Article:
Layoffs hit the Army
The Army plans to cut 40,000 soldiers from its ranks over the next two years, a reduction that will affect virtually all of its domestic and foreign posts, the service asserts in a document obtained by USA TODAY.
The potential troop cut comes as the Obama administration is pondering its next moves against the Islamic State militant group in Iraq and Syria. President Obama said Monday he and military leaders had not discussed sending additional troops to Iraq to fight the Islamic State. There are about 3,500 troops in Iraq.
"This will not be quick — this is a long-term campaign," Obama said at the Pentagon after meeting top military brass in the wake of setbacks that have prompted critics to call for a more robust U.S. response against the Islamic State.
An additional 17,000 Army civilian employees would be laid off under the plan officials intend to announce this week. Under the plan, the Army would have 450,000 soldiers by Sept. 30, 2017, the end of the 2017 budget year. The reduction in troops and civilians is due to budget constraints, the document says.
The Pentagon's budget, released in February, envisioned the reduction to 450,000 would occur by Sept. 30, 2018.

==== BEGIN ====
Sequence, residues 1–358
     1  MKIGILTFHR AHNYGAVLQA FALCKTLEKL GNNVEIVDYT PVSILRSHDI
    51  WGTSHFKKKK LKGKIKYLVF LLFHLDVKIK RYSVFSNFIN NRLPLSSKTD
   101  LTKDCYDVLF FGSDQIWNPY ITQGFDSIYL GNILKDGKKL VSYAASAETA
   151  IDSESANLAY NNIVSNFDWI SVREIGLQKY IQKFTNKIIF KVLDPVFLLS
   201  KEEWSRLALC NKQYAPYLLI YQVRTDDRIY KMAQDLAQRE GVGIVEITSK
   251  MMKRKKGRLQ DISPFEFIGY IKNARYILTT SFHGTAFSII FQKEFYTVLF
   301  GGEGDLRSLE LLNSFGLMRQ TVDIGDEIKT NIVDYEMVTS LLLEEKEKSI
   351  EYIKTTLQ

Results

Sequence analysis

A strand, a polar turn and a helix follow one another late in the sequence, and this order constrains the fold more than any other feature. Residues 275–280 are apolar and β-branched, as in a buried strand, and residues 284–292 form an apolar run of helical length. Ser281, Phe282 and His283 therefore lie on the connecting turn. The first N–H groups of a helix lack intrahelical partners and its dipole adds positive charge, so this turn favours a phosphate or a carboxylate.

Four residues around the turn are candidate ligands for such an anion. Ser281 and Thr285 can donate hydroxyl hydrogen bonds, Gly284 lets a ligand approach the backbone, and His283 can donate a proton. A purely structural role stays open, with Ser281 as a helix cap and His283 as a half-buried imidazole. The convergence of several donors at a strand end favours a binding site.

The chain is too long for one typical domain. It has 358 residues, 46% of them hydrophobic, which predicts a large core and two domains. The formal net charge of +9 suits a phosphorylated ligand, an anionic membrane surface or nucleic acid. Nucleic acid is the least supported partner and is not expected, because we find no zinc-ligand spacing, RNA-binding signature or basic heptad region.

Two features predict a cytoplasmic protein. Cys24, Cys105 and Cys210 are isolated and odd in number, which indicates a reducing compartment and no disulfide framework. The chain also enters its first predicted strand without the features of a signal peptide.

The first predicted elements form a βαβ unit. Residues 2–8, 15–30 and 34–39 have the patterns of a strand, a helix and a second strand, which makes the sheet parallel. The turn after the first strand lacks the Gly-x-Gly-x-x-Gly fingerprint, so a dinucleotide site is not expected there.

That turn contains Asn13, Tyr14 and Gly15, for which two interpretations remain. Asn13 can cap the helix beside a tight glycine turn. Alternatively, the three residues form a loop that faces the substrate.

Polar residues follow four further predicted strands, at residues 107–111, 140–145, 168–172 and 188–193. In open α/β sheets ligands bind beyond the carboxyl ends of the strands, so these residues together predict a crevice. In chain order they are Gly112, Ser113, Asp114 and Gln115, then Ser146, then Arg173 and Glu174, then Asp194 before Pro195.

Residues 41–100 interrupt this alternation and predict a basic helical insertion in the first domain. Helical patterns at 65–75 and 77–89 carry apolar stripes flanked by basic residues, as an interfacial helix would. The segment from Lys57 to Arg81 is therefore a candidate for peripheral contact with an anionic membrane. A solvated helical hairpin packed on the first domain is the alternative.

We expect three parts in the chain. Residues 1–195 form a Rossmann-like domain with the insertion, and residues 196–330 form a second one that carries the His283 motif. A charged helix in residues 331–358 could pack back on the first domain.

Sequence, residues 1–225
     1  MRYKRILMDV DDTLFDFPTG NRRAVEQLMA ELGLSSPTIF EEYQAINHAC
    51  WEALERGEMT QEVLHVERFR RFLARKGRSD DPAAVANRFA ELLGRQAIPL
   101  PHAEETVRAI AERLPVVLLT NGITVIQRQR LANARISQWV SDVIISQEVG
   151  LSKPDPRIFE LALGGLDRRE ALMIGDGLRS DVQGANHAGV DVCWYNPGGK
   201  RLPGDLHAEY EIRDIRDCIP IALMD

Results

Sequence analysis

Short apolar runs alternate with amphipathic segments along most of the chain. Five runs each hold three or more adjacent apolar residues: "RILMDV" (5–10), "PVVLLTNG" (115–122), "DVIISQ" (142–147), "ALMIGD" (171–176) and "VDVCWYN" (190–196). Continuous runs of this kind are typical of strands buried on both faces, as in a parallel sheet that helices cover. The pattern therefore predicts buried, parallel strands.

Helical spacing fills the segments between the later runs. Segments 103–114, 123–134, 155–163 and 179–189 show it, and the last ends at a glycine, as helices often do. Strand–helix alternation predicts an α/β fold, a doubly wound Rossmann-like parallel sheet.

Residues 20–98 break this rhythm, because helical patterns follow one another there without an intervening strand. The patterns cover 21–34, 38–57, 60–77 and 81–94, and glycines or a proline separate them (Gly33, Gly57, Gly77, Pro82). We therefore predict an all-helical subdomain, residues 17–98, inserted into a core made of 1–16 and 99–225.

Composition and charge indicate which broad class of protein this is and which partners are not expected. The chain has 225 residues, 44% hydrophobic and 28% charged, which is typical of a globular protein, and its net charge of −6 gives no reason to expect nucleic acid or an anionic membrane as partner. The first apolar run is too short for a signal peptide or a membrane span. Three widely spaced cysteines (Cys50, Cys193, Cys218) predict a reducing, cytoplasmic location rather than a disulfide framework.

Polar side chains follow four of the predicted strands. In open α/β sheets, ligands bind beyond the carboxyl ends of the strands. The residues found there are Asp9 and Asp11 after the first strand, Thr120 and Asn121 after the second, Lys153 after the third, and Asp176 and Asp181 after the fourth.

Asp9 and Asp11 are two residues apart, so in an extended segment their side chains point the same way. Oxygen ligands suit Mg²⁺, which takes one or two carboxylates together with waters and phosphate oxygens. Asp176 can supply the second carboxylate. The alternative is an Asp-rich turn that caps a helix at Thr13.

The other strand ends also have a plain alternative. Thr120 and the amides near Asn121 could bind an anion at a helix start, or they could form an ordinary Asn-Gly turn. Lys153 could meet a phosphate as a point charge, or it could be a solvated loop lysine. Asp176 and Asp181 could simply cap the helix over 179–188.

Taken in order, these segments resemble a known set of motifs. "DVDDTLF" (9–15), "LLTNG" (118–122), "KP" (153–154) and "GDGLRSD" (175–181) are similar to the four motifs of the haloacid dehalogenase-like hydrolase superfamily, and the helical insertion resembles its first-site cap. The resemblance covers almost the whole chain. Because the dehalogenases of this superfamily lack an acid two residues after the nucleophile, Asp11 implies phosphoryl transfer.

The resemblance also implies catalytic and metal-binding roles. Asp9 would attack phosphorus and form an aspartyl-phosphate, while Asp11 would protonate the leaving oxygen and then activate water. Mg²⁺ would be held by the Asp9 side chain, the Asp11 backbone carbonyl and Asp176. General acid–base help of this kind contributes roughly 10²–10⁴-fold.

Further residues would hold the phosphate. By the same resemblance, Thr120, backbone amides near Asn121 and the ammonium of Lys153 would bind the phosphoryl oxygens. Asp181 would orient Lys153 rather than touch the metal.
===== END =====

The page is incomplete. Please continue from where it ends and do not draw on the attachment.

The reason for all the cuts? Some were expected, but the bulk are due to the budget sequester:
If the automatic budget cuts known as sequestration, set to begin in October, take place the Army would have to slash another 30,000 soldiers, according to the document. At that level, the Army would not be able to meet its current deployments and respond to demands for troops in other regions.
The sequester was a gimmick put in place (and backed by the Obama administration) to force congress">Congress to cut a budget deal over raising the debt ceiling. No deal was reached, and sequestration went into effect in 2013.
Now we are seeing the results: manpower reductions in the armed forces.
This strikes us as an odd place to begin cutting. Unlike so much else of what the federal government does, national defense is one of its constitutional responsibilities. Cutting personnel appears not so much a response to slimmer budgets, but a classic "Washington Monument" strategy -- make the cuts as visible and painful as possible in order to get Congress to spend more.
In this instance, we're not talking about closing national parks or cancelling White House tours. This is cutting the muscle from national defense at a time when the threats to our security are rising. Weakening our defenses is not a strategy. It is a dangerous, cynical gamble.